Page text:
Clade

Cladogram (family tree) of a biological group. The last common ancestor is the vertical line stem at the bottom. The blue and red subgroups are clades; each shows its common ancestor stem at the bottom of the subgroup branch. The green subgroup is not a clade; it is a paraphyletic group, because it excludes the blue branch, even though it has also descended from a common ancestor. The green subgroup together with the blue one forms a clade again.

A clade (/kld/;[1][2] from Ancient Greek: κλάδος, klados, "branch"), also known as a monophyletic group or natural group,[3] is a group of organisms that are monophyletic—that is, composed of a common ancestor and all its lineal descendants - on a phylogenetic tree.[4] Rather than the English term, the equivalent Latin term cladus (plural cladi) is often used in taxonomical literature.

The common ancestor may be an individual, a population, a species (extinct or extant), and so on right up to a kingdom and further. Clades are nested, one in another, as each branch in turn splits into smaller branches. These splits reflect evolutionary history as populations diverged and evolved independently. Clades are termed monophyletic (Greek: "one clan") groups.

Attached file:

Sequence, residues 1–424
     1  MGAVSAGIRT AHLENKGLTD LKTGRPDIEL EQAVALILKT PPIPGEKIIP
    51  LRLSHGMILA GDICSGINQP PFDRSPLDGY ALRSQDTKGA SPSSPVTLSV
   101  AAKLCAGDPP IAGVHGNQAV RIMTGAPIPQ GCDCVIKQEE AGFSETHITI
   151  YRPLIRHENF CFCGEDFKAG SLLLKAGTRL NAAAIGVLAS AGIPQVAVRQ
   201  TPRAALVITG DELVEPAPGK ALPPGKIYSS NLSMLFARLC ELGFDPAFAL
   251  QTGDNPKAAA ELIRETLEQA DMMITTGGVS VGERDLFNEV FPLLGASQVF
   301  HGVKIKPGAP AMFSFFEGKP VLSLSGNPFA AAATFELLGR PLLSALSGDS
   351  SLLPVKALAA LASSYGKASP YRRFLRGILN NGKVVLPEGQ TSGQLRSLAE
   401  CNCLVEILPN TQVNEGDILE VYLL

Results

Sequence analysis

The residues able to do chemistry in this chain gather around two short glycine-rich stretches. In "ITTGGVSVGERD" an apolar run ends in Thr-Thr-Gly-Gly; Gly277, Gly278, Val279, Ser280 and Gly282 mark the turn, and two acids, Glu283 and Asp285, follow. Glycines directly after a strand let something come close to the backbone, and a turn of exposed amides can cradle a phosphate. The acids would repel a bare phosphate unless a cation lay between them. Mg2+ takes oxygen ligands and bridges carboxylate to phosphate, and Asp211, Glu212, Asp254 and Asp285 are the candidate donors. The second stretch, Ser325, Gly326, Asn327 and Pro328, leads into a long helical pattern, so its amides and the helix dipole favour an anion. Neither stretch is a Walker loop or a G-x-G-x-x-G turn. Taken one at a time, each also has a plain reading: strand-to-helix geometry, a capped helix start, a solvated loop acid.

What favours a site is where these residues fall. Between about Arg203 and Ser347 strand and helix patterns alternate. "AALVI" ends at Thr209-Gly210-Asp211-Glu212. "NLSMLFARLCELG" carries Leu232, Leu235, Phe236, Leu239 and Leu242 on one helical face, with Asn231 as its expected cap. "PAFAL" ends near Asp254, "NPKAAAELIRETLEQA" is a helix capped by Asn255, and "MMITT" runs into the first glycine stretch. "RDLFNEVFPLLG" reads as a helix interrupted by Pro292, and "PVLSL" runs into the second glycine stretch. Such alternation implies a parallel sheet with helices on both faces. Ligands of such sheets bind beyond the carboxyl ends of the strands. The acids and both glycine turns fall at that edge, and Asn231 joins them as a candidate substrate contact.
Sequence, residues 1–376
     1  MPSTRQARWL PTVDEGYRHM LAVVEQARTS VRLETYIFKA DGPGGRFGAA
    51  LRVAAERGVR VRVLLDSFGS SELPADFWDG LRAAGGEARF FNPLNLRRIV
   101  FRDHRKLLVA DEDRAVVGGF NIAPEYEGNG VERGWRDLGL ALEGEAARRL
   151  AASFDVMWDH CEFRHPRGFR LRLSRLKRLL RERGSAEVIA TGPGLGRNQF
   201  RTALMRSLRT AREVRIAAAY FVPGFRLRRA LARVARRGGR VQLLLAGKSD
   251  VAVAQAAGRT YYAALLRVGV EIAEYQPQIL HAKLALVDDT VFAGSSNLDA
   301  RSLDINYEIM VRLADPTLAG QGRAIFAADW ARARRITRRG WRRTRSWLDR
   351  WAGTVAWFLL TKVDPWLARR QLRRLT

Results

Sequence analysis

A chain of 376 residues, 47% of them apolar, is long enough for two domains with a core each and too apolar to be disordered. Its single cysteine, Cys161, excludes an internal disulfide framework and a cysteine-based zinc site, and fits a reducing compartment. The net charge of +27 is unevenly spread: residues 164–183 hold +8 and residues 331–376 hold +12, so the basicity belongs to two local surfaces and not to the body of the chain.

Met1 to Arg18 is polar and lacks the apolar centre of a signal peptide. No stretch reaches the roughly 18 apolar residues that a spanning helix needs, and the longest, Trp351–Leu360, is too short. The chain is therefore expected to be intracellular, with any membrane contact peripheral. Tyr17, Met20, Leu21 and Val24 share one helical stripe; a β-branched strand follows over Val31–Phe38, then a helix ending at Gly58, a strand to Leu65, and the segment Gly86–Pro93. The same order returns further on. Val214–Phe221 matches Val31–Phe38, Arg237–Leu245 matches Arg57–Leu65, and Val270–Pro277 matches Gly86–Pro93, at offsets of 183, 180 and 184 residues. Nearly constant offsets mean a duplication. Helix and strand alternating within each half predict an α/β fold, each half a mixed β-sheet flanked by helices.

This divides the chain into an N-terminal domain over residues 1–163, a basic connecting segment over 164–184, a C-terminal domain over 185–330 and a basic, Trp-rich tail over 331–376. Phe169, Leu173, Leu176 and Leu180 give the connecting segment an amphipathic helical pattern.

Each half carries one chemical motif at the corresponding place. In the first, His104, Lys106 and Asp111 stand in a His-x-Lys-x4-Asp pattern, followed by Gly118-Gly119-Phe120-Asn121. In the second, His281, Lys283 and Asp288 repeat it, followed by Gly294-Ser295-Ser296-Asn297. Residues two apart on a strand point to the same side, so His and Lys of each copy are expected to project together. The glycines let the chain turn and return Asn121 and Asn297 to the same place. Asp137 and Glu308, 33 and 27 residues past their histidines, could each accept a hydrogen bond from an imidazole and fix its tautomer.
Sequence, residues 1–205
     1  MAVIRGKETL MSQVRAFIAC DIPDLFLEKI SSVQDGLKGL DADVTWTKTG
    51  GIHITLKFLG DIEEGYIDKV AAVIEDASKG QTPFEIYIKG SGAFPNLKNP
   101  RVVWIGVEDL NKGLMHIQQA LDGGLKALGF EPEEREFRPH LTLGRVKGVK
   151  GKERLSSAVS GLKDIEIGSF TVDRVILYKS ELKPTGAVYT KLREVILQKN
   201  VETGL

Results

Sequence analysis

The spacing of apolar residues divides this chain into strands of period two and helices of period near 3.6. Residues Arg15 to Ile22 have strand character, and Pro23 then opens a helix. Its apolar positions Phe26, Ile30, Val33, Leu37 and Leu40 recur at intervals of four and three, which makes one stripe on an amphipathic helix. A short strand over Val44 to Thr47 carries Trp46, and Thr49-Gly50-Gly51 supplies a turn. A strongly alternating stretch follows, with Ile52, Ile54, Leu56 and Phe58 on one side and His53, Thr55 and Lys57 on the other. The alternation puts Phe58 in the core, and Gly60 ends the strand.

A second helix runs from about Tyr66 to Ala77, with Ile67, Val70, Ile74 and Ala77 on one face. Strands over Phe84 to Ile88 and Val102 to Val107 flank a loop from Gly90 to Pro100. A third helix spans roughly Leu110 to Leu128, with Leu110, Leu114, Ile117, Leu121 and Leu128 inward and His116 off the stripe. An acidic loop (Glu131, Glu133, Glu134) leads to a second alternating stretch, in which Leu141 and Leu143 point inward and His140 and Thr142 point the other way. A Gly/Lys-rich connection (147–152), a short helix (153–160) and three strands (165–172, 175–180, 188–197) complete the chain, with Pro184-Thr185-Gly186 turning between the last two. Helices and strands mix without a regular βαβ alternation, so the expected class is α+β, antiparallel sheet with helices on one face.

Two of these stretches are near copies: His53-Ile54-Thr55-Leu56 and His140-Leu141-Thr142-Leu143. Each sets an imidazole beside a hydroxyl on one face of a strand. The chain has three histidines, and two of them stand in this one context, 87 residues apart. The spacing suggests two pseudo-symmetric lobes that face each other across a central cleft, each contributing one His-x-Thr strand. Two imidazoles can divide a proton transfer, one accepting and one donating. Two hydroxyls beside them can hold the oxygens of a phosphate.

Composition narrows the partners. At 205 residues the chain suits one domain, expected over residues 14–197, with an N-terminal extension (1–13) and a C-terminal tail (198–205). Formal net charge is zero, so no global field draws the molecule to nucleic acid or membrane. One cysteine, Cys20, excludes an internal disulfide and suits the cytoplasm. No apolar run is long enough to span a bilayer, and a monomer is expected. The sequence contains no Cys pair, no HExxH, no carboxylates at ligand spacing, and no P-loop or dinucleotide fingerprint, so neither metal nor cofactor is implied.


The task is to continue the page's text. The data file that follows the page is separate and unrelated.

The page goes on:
Over the last few decades, the cladistic approach has revolutionized biological classification and revealed surprising evolutionary relationships among organisms.[5] Increasingly, taxonomists try to avoid naming taxa that are not clades; that is, taxa that are not monophyletic. Some of the relationships between organisms that the molecular biology arm of cladistics has revealed are that fungi are closer relatives to animals than they are to plants, archaea are now considered different from bacteria, and multicellular organisms may have evolved from archaea.[6]

The term "clade" is also used with a similar meaning in other fields besides biology, such as historical linguistics; see Cladistics § In disciplines other than biology.

  1. ^ Wells, John C. (2008). Longman Pronunciation Dictionary (3rd ed.). Longman. ISBN 978-1-4058-8118-0.
  2. ^ "clade". Merriam-Webster Dictionary. Retrieved 19 April 2020.
  3. ^ Martin, Elizabeth; Hin, Robert (2008). A Dictionary of Biology. Oxford University Press.
  4. ^ Cracraft, Joel; Donoghue, Michael J., eds. (2004). "Introduction". Assembling the Tree of Life. Oxford University Press. p. 1. ISBN 978-0-19-972960-9.
  5. ^ Palmer, Douglas (2009). Evolution: The Story of Life. Berkeley: University of California Press. p. 13.
  6. ^ Pace, Norman R. (18 May 2006). "Time for a change". Nature. 441 (7091): 289. Bibcode:2006Natur.441..289P. doi:10.1038/441289a. ISSN 1476-4687. PMID 16710401. S2CID 4431143.